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Wii Fit balance board playing improves balance and gait in Parkinson disease.
PM R. 2013 Sep; 5(9):769-77.PM R

Abstract

OBJECTIVE

To assess the effect of exercise training by using the Nintendo Wii Fit video game and balance board system on balance and gait in adults with Parkinson disease (PD).

DESIGN

A prospective interventional cohort study.

SETTING

An outpatient group exercise class.

PARTICIPANTS

Ten subjects with PD, Hoehn and Yahr stages 2.5 or 3, with a mean age of 67.1 years; 4 men, 6 women.

INTERVENTIONS

The subjects participated in supervised group exercise sessions 3 times per week for 8 weeks by practicing 3 different Wii balance board games (marble tracking, skiing, and bubble rafting) adjusted for their individualized function level. The subjects trained for 10 minutes per game, a total of 30 minutes training per session.

MAIN OUTCOME MEASUREMENTS

Pre-and postexercise training, a physical therapist evaluated subjects' function by using the Berg Balance Scale, Dynamic Gait Index, and Sharpened Romberg with eyes open and closed. Postural sway was assessed at rest and with tracking tasks by using the Wii balance board. The subjects rated their confidence in balance by using the Activities-specific Balance Confidence scale and depression on the Geriatric Depression Scale.

RESULTS

Balance as measured by the Berg Balance Scale improved significantly, with an increase of 3.3 points (P = .016). The Dynamic Gait Index improved as well (mean increase, 2.8; P = .004), as did postural sway measured with the balance board (decreased variance in stance with eyes open by 31%; P = .049). Although the Sharpened Romberg with eyes closed increased by 6.85 points and with eyes opened by 3.3 points, improvements neared significance only for eyes closed (P = .07 versus P = .188). There were no significant changes on patient ratings for the Activities-specific Balance Confidence (mean decrease, -1%; P = .922) or the Geriatric Depression Scale (mean increase, 2.2; P = .188).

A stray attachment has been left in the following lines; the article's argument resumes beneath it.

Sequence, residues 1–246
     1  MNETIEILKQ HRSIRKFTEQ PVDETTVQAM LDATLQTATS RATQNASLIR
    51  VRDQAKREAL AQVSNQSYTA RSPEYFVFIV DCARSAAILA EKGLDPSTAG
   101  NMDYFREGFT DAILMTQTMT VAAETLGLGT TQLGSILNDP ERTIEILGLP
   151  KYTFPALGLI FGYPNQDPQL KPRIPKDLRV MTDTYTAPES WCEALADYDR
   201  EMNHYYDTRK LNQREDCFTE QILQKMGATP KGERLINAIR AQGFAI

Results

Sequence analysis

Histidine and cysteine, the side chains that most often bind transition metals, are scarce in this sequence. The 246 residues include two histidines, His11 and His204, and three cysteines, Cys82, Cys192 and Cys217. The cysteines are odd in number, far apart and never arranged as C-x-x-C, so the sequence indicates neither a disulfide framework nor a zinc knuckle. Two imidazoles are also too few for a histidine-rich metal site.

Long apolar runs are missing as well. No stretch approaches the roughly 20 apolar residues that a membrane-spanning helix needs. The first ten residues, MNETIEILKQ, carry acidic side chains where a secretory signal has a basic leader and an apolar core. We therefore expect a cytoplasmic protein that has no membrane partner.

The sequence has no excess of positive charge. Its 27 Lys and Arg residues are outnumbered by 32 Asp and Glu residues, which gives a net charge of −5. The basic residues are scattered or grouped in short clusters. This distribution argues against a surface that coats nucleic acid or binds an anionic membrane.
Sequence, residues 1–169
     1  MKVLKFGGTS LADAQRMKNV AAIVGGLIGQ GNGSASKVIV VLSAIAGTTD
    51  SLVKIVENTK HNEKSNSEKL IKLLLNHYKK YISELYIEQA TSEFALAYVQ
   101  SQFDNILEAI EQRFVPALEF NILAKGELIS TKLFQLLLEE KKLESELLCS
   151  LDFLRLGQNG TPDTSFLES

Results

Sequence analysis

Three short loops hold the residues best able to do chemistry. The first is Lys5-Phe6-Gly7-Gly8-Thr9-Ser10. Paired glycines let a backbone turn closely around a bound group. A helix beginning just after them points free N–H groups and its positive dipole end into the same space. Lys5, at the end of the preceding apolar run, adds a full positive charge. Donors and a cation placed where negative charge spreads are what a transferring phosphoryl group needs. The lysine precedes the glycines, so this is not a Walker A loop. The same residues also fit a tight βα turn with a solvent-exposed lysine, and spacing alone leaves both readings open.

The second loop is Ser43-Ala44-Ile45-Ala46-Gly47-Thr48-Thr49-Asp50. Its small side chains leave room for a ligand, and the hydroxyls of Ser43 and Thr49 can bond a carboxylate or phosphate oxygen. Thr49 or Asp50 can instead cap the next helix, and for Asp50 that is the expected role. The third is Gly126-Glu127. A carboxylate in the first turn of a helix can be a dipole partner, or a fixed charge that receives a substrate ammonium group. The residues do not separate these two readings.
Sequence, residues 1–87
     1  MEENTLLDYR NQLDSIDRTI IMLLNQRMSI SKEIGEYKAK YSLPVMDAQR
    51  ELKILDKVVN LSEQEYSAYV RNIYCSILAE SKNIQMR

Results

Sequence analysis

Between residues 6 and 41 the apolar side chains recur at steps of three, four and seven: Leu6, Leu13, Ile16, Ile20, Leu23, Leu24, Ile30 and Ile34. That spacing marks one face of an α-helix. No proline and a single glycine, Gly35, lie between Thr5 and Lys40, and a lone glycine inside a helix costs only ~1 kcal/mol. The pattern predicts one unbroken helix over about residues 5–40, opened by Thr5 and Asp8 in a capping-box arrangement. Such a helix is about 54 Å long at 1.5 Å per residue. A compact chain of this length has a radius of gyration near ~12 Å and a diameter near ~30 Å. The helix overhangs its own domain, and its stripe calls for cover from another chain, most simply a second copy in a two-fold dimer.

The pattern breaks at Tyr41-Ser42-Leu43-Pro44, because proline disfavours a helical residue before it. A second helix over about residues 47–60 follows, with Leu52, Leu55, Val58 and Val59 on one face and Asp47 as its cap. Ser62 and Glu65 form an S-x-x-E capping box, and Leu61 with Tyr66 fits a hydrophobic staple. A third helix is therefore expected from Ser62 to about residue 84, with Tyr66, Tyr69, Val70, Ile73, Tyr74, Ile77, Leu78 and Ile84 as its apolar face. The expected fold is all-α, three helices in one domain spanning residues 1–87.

CONCLUSIONS

An 8-week exercise training class by using the Wii Fit balance board improved selective measures of balance and gait in adults with PD. However, no significant changes were seen in mood or confidence regarding balance.

Authors+Show Affiliations

Rehabilitation Institute of Chicago, Chicago, IL; Department of Physical Medicine and Rehabilitation, Northwestern University, Chicago, IL(∗).No affiliation info availableNo affiliation info availableNo affiliation info availableNo affiliation info availableNo affiliation info availableNo affiliation info availableNo affiliation info available

Pub Type(s)

Journal Article
Research Support, Non-U.S. Gov't

Language

eng

PubMed ID

23770422

Citation

Mhatre, Priya V., et al. "Wii Fit Balance Board Playing Improves Balance and Gait in Parkinson Disease." PM & R : the Journal of Injury, Function, and Rehabilitation, vol. 5, no. 9, 2013, pp. 769-77.
Mhatre PV, Vilares I, Stibb SM, et al. Wii Fit balance board playing improves balance and gait in Parkinson disease. PM R. 2013;5(9):769-77.
Mhatre, P. V., Vilares, I., Stibb, S. M., Albert, M. V., Pickering, L., Marciniak, C. M., Kording, K., & Toledo, S. (2013). Wii Fit balance board playing improves balance and gait in Parkinson disease. PM & R : the Journal of Injury, Function, and Rehabilitation, 5(9), 769-77. https://doi.org/10.1016/j.pmrj.2013.05.019